Utilities: Your Mac OS X Toolbox

The Utilities folder (inside your Applications folder) is home to another batch of freebies: another couple of dozen tools for monitoring, tuning, tweaking, and troubleshooting your Mac.

The truth is that you’re likely to use only about six of these utilities. The rest are very specialized gizmos primarily of interest to network administrators or Unix geeks who are obsessed with knowing what kind of computer-code gibberish is going on behind the scenes.


Even so, Apple obviously noticed that as the sophistication of Mac OS X fans grows, more people open the Utilities folder more often. That’s why Tiger features a menu command and a keystroke that can take you there. In the Finder, choose Go→Utilities (Shift--U).

Activity Monitor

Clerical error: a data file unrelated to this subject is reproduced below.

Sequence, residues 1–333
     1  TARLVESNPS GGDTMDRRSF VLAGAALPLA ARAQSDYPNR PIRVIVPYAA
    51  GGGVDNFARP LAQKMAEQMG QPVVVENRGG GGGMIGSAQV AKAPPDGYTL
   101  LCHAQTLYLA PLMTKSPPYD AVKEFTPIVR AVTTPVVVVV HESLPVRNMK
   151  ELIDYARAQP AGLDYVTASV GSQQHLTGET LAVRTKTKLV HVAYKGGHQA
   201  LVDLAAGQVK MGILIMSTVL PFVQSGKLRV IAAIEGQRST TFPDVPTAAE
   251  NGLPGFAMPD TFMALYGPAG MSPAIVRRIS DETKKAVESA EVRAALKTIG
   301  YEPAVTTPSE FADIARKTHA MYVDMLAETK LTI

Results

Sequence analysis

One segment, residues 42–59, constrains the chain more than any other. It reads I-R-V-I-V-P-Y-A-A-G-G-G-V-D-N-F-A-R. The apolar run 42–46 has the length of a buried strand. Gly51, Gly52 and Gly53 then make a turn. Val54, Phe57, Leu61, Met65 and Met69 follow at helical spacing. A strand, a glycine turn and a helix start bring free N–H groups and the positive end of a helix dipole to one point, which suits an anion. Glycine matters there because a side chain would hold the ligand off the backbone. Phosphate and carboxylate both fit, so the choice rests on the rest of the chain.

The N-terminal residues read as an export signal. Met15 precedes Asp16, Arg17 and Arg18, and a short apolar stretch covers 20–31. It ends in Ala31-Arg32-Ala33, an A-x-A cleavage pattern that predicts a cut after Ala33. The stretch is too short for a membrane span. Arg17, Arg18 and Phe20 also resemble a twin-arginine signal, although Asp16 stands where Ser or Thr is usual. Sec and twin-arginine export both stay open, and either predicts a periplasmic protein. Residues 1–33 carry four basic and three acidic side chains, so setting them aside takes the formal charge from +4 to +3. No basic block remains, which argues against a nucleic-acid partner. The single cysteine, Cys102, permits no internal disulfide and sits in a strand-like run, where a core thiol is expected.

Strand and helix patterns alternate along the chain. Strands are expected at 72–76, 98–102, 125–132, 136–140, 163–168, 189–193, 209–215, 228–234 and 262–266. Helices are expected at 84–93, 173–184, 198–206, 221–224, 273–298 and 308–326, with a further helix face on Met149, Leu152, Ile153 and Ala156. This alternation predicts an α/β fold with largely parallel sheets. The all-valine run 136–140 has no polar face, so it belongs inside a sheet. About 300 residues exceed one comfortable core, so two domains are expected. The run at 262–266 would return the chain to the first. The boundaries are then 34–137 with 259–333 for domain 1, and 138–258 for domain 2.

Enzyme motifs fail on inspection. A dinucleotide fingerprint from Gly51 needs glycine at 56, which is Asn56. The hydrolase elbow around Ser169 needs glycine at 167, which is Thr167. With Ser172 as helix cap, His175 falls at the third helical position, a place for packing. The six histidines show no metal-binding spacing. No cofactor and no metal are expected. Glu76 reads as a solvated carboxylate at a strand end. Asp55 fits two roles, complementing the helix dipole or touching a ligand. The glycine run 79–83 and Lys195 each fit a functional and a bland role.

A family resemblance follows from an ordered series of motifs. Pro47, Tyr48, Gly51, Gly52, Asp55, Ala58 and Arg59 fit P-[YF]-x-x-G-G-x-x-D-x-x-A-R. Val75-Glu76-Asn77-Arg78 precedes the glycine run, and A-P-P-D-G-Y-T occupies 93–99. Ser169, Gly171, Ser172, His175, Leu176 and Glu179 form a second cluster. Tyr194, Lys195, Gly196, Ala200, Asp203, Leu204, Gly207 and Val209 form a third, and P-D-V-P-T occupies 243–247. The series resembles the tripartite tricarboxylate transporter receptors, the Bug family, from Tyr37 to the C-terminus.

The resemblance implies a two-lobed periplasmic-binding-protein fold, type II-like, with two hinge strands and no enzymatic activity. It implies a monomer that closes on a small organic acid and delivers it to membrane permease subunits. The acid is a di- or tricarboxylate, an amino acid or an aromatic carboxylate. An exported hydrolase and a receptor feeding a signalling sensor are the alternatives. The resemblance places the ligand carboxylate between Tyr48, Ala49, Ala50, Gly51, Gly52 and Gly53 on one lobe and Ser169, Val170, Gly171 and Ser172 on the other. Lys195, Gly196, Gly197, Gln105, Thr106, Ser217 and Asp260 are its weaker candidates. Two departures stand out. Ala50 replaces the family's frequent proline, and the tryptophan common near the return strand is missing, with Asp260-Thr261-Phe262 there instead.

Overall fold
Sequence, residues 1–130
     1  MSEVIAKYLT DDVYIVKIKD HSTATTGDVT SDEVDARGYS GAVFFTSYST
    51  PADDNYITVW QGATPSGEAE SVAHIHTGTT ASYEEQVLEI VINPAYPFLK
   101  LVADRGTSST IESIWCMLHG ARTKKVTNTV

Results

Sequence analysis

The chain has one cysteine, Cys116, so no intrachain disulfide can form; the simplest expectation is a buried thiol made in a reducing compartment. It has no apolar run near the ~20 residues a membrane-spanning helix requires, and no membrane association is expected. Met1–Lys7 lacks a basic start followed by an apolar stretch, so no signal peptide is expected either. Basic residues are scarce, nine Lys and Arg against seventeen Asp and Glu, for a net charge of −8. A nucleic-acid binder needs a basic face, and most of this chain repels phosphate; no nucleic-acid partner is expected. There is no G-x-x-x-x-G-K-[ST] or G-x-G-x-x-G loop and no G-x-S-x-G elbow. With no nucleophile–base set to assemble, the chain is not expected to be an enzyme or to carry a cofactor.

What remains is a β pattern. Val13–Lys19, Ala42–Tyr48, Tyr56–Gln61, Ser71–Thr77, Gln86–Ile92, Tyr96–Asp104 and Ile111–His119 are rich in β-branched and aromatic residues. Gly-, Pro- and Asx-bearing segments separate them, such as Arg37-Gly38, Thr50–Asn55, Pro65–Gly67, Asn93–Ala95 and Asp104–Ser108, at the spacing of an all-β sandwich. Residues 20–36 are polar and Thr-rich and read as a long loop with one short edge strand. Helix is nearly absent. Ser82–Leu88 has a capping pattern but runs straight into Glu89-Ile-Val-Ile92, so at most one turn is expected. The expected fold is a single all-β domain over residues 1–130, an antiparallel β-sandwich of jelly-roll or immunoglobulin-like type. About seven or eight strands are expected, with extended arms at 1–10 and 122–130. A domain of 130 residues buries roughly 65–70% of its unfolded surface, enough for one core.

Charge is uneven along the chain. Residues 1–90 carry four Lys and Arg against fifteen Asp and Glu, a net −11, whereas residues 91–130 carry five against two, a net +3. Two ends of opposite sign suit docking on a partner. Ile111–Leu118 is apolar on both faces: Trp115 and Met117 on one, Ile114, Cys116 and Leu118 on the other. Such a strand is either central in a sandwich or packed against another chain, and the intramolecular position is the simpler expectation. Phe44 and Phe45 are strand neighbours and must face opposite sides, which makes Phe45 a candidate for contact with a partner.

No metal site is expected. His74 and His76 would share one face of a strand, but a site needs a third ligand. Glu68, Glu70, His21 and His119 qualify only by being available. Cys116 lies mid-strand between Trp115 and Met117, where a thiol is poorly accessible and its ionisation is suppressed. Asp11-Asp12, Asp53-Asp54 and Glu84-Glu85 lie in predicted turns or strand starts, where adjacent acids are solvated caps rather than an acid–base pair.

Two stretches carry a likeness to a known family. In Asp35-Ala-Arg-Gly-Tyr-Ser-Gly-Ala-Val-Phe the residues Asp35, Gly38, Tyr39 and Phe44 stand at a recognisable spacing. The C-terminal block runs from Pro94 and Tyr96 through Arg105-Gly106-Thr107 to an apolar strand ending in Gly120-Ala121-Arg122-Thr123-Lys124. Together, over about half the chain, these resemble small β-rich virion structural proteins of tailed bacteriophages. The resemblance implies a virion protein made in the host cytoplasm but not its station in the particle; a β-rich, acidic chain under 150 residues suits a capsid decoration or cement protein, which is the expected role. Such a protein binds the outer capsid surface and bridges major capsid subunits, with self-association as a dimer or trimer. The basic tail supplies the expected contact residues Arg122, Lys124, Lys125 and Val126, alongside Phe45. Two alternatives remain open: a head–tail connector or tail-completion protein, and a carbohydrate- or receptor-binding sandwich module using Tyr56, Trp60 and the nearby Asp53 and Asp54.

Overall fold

Activity Monitor is designed to let the technologically savvy Mac fan see how much of the Mac’s available power is being tapped at any given moment.

The Processes table

Even when you’re only running a program or two on your Mac, dozens of computational tasks (processes) are going on in the background. The top half of the dialog box, which looks like a table, shows you all the different processes—visible and invisible—that your Mac is handling at the moment.

Once you’ve begun typing a word, press either F5 or Option-Esc to produce the list of possible word completions shown here. If TextEdit correctly anticipates the rest of the word, great; press Tab, Return, or the Space bar to accept the suggestion, and then keep right on typing. If TextEdit guesses wrong, you can either select a different word in the list (using the mouse or the arrow keys), or tap Esc to ignore the suggestions and continue typing.

Figure 10-38. Once you’ve begun typing a word, press either F5 or Option-Esc ...

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